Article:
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Confocal wholemount (immuno)fluorescence localisation of Cep70 in zebrafish embryos. (A and E) In embryos injected with GFP-Cep70 and H2B-RFP, the Cep70 signal, though weak, is observed at the apical surface of cells in the otic vesicle (A) and eye (E) at 24 h.p.f. . Long dashed lines indicate the apical surface: interior to the circle in (A) and above the line in (E). Other panels: 24 h.p.f. zebrafish embryos were probed with anti-Cep70 (green) and either anti-acetylated or anti-gamma tubulin (red). (B, C, D) Otic vesicle stained for gamma tubulin (C), Cep70 (D) and merged picture (B) showing that the two signals coincide. Arrowheads point to the non-specific staining of the otoliths. (F) and (G) show the eye and otic vesicle; Cep70 can be seen at the base of cilia stained for acetylated-tubulin. (H) shows the region around one of the clusters of tether cells in the otic vesicle where the position of Cep70 can be seen more clearly; an inset shows one basal body and cilium. Yellow colour, the overlap of Cep70 and acetylated-tubulin signal is due to the angle at which some of the cilia are seen. Again, a long dashed line indicates the apical surface of the eye in (F). Short dashed lines delineate the otic vesicle in (B, C, D and G). (I) and (J) show Cep70 and cilia in the pronephros and spine canal. Again the Cep70 can be seen at the base of cilia. Orientation of the specimens with regard to the embryo is shown by the compass in the panel: A = anterior, P = posterior, D = dorsal, V = ventral. Scale bar: 20 μm.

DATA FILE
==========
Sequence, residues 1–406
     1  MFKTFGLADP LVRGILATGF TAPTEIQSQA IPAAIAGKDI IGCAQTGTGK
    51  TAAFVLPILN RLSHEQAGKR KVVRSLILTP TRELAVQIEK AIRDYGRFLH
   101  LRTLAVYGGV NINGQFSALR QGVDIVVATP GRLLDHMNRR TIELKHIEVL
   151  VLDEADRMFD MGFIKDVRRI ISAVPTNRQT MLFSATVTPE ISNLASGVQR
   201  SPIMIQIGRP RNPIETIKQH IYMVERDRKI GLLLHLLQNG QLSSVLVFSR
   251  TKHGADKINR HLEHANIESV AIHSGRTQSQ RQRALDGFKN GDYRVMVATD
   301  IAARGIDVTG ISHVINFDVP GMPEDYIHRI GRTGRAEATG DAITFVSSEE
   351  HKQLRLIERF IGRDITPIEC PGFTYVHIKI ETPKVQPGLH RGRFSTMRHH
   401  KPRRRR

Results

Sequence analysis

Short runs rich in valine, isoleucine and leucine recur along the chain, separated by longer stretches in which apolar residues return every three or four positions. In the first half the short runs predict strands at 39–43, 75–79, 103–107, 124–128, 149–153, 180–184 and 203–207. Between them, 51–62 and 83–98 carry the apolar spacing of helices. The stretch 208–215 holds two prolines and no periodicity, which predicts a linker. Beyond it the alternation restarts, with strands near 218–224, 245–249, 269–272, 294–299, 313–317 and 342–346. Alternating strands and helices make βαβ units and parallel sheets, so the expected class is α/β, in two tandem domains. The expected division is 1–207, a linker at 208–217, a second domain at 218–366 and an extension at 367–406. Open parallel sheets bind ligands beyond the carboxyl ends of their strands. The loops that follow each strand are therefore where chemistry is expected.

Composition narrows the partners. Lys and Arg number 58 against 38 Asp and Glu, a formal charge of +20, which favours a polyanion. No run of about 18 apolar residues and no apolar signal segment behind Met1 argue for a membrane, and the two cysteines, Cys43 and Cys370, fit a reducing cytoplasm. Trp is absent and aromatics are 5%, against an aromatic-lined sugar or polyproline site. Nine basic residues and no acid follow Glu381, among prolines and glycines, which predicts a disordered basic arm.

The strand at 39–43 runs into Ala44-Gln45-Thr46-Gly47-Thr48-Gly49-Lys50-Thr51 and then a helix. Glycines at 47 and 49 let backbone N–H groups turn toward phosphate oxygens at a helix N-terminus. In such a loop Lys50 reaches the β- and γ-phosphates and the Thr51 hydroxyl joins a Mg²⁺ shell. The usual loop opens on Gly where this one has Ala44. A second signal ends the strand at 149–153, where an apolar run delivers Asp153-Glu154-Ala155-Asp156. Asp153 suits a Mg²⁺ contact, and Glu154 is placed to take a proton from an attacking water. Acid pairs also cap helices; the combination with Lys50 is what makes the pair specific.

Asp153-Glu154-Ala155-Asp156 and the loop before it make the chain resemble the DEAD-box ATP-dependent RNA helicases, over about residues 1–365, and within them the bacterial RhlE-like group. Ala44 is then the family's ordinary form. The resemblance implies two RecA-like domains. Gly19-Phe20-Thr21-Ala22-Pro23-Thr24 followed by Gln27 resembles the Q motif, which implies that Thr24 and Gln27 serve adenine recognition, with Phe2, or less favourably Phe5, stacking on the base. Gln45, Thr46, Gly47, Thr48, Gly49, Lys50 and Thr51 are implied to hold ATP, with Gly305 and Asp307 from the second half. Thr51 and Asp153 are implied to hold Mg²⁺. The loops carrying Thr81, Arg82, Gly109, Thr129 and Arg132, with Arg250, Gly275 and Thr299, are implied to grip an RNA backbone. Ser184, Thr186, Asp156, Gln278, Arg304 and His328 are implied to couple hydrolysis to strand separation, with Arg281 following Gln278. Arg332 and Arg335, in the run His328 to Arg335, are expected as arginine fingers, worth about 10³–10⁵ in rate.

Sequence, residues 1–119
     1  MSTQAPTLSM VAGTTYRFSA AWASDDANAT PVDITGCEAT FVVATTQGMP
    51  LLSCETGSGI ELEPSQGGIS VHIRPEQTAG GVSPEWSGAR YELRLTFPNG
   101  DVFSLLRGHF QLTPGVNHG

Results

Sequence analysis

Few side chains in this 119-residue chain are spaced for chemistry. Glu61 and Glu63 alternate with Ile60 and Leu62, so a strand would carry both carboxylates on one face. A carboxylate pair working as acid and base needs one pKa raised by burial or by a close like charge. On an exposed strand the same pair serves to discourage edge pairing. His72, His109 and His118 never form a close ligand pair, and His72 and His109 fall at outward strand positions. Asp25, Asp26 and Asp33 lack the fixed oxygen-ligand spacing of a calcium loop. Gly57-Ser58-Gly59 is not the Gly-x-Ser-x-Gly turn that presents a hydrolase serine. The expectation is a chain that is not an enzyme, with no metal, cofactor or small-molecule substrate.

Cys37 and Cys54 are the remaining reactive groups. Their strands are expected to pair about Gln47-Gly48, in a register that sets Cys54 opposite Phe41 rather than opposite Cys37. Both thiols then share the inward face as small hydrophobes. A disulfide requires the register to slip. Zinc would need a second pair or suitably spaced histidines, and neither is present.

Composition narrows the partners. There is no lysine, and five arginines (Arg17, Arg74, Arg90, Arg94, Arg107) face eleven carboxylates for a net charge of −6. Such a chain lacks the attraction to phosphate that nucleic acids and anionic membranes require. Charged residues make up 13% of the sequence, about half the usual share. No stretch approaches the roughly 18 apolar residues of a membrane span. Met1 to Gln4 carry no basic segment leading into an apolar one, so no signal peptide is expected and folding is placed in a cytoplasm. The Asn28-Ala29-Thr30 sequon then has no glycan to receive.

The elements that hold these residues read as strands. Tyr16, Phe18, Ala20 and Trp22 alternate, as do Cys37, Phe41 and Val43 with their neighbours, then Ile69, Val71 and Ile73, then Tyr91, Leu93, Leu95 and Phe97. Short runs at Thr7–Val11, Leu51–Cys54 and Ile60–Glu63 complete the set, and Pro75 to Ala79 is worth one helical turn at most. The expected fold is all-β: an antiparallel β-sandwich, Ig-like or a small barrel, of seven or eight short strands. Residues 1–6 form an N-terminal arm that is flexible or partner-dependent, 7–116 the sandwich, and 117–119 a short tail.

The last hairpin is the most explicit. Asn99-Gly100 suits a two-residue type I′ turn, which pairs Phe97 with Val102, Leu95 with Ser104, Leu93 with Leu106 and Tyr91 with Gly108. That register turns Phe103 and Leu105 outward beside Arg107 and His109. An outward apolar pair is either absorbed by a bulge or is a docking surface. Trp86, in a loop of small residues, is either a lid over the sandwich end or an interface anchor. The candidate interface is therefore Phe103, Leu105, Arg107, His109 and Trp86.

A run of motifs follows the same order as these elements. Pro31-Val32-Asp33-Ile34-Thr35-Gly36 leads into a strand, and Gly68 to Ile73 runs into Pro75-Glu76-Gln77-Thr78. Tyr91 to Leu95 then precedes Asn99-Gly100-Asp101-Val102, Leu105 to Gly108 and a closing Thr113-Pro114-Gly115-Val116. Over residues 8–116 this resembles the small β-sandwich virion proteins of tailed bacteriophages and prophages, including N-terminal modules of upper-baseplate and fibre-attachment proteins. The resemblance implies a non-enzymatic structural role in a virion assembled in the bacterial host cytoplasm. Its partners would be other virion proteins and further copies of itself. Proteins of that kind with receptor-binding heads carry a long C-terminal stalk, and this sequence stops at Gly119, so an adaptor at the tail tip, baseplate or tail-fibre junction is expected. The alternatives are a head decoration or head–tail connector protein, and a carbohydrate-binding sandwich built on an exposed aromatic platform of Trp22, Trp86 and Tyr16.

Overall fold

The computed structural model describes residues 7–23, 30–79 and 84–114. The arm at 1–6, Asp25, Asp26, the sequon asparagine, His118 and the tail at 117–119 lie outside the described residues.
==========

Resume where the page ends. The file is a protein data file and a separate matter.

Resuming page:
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Figure 3: Confocal wholemount (immuno)fluorescence localisation of Cep70 in zebrafish embryos. (A and E) In embryos injected with GFP-Cep70 and H2B-RFP, the Cep70 signal, though weak, is observed at the apical surface of cells in the otic vesicle (A) and eye (E) at 24 h.p.f. . Long dashed lines indicate the apical surface: interior to the circle in (A) and above the line in (E). Other panels: 24 h.p.f. zebrafish embryos were probed with anti-Cep70 (green) and either anti-acetylated or anti-gamma tubulin (red). (B, C, D) Otic vesicle stained for gamma tubulin (C), Cep70 (D) and merged picture (B) showing that the two signals coincide. Arrowheads point to the non-specific staining of the otoliths. (F) and (G) show the eye and otic vesicle; Cep70 can be seen at the base of cilia stained for acetylated-tubulin. (H) shows the region around one of the clusters of tether cells in the otic vesicle where the position of Cep70 can be seen more clearly; an inset shows one basal body and cilium. Yellow colour, the overlap of Cep70 and acetylated-tubulin signal is due to the angle at which some of the cilia are seen. Again, a long dashed line indicates the apical surface of the eye in (F). Short dashed lines delineate the otic vesicle in (B, C, D and G). (I) and (J) show Cep70 and cilia in the pronephros and spine canal. Again the Cep70 can be seen at the base of cilia. Orientation of the specimens with regard to the embryo is shown by the compass in the panel: A = anterior, P = posterior, D = dorsal, V = ventral. Scale bar: 20 μm.